Thursday, August 26, 2010

Malaysia's First Invention Reality Show

Malaysia will host an invention reality show which will start from 25 September 2010. The program called "TV Idea: Malaysian Inventors Challenge," billed as Malaysia's first invention reality show, aims to look for the best innovation among grass root Malaysians. Ten episodes of approximately 30 minutes program featuring preliminary selection and finals are being scheduled to be aired by TV3, every Saturday at 7pm. National astronaut Major Dr Faiz Khaleed and Daphne Iking have been identified as the host of the program. The invention reality show is a joint effort between Sirim, Proton and Ministry of Science. The organizers are looking for invention entries for the preliminary rounds. Interested individuals or group may get more information here. The finals will feature 24 entries which may potentially receive government grants and assistance to develop and patent the invention.

Friday, August 20, 2010

A Tribute to the Man behind the Swatch

The world famous Swiss watch industry lost a leading figure recently with the death of Mr. Nicolas G. Hayek on June 28, aged 82. Mr. Hayek was born on February 19, 1928, in Lebanon and at the age of seven emigrated to Switzerland, where he became a Swiss citizen.

A pioneering and charismatic entrepreneur, Mr. Hayek, co-founder and former Chairman of the Swatch Group, is widely credited with reviving the Swiss watch industry in the 1980s when it was under threat from mass-produced, low-cost electronic timepieces. The innovative strategies he implemented in the early 1980s breathed new life into the entire Swiss watch industry, enabling it to regain its leading position worldwide. The industry, Switzerland’s third largest exporter after the machine and chemical industries, sells nearly 95 percent of its production to overseas markets.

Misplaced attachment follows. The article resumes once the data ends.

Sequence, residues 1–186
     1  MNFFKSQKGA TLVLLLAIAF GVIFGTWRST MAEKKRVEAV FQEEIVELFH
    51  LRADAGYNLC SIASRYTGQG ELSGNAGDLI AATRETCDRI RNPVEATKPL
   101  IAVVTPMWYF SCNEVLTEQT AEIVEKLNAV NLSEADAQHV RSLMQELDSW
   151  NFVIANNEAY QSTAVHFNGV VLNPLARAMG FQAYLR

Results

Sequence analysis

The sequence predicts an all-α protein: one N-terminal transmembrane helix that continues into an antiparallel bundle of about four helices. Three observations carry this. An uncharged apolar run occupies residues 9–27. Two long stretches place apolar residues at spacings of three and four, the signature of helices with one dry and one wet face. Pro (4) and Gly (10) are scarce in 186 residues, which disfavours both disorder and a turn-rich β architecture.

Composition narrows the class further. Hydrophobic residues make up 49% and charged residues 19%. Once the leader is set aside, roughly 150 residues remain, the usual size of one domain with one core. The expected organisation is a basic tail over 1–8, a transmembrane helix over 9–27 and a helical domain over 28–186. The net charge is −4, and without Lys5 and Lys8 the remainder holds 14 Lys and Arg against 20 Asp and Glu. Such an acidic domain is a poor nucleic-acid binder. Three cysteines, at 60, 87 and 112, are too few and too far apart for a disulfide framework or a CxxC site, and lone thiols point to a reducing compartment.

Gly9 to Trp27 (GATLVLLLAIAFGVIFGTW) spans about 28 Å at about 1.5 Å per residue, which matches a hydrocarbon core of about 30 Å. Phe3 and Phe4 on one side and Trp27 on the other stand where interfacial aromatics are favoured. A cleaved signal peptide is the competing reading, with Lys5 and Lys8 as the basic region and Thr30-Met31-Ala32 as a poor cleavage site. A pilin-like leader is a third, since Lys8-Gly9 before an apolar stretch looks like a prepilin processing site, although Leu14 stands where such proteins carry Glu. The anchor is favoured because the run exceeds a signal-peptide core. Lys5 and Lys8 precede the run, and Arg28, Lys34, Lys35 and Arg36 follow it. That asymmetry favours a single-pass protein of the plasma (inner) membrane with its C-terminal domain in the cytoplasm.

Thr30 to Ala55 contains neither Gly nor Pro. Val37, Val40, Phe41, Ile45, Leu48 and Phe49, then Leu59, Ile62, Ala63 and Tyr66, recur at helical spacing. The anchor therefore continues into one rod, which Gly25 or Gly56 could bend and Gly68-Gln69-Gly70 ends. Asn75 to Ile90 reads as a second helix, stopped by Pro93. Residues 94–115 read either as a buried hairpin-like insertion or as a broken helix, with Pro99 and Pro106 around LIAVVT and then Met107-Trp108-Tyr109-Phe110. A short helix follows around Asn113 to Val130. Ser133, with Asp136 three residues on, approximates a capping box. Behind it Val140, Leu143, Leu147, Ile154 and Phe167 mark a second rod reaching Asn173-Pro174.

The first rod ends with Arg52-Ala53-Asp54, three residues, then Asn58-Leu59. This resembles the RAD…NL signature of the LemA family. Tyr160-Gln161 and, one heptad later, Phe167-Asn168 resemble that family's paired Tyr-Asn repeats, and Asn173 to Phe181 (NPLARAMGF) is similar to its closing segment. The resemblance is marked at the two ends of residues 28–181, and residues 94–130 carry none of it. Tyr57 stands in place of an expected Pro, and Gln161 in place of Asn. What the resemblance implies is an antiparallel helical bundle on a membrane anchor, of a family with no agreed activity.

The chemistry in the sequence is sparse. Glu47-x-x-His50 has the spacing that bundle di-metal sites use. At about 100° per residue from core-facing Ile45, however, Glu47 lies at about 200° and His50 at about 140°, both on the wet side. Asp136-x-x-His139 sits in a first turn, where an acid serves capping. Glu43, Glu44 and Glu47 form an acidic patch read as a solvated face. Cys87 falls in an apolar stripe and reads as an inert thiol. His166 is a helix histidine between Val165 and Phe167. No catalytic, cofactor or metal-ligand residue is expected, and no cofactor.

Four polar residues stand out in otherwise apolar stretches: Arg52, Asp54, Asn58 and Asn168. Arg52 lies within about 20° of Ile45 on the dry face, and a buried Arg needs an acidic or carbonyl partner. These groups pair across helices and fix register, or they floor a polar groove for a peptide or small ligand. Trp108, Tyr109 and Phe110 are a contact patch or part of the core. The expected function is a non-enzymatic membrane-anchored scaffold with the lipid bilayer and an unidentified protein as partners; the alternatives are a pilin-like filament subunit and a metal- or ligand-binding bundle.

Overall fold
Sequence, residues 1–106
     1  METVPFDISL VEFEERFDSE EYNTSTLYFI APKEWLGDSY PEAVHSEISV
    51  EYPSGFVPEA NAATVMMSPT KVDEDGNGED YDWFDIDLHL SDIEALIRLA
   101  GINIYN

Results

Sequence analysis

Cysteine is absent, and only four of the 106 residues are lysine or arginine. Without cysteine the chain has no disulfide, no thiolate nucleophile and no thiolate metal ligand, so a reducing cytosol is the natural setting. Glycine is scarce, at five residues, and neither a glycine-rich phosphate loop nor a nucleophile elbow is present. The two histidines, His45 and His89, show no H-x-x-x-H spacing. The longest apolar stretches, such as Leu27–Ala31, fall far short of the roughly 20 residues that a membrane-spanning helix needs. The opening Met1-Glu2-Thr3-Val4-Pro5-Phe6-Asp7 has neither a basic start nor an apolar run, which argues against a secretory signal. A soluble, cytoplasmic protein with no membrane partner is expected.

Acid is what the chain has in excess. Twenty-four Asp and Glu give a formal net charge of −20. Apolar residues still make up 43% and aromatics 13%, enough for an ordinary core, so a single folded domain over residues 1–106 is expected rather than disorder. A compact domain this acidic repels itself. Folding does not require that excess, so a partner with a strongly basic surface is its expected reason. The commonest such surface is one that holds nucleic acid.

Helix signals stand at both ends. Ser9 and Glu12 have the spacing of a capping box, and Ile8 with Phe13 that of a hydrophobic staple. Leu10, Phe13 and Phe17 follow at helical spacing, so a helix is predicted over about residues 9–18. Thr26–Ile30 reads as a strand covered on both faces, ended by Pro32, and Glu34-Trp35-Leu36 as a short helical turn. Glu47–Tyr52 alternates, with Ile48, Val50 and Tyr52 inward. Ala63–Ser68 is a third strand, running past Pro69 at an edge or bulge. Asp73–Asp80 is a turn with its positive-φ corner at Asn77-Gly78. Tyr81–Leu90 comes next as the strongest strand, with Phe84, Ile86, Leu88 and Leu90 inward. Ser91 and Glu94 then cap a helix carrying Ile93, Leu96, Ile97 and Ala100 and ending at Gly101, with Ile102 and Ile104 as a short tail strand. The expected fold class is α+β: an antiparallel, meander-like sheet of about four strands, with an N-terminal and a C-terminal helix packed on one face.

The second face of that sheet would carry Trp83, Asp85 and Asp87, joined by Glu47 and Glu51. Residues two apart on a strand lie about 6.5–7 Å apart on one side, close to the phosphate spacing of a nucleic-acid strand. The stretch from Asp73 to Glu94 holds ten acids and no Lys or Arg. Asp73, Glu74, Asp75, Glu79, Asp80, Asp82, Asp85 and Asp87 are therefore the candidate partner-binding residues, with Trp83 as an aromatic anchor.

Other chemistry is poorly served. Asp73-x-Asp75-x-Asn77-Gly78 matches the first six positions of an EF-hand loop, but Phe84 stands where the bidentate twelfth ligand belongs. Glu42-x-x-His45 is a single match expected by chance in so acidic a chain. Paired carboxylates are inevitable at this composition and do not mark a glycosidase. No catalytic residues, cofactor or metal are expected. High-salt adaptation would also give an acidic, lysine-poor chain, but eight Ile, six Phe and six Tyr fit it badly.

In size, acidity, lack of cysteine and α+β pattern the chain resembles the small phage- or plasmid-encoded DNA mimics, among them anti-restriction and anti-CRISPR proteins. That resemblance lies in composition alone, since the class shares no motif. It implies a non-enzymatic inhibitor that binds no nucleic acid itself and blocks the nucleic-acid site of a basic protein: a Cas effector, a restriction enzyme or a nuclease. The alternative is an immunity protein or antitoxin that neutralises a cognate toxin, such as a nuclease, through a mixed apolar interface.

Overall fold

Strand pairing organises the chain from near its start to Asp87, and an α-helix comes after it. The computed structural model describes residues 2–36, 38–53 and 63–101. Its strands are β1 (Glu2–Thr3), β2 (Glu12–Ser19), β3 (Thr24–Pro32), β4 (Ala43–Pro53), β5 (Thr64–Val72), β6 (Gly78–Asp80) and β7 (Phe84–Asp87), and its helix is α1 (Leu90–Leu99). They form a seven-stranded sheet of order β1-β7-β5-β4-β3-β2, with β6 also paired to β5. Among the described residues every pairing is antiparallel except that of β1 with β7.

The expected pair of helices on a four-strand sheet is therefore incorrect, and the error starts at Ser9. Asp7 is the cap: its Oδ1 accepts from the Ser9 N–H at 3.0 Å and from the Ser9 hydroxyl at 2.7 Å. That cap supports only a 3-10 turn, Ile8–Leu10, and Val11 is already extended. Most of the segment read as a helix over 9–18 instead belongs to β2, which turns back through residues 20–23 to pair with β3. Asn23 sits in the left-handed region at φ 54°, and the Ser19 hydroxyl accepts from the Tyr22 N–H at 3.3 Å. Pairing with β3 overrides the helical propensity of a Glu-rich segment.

Mr. Hayek was a decisive force in the launch in 1983 of the Swatch watch, an icon of popular culture.

In developing the Swatch phenomenon, Mr. Hayek’s unique entrepreneurial talent combined “disposability, affordability and reliability” to deliver a range of colorful, trendy and low-cost plastic watches for every occasion. The Swatch’s innovative mechanism has only 51 parts compared to the over 91 parts in a conventional watch. Its avant-garde designs made Swatch a fashion statement. Its low cost means that fashion-conscious consumers can own several Swatches to suit mood and occasion. In a recent interview, Mr. Hayek said, “I am not making watches only to look at the time. I am making jewels! They are jewels!”

Today Swatch launches some 300 designs a year and is one of the largest users of WIPO’s Hague System for the International Registration of Industrial Designs which offers a cost-effective way to protect designs internationally by filing a single application, in one language (English, French or Spanish) and in one currency (Swiss francs). About half of the designs Swatch launches each year are phased out after six months, making them highly collectible. A 1988 fake-fur Swatch is reported to have been recently valued at £18,500 (approx. US$28,316).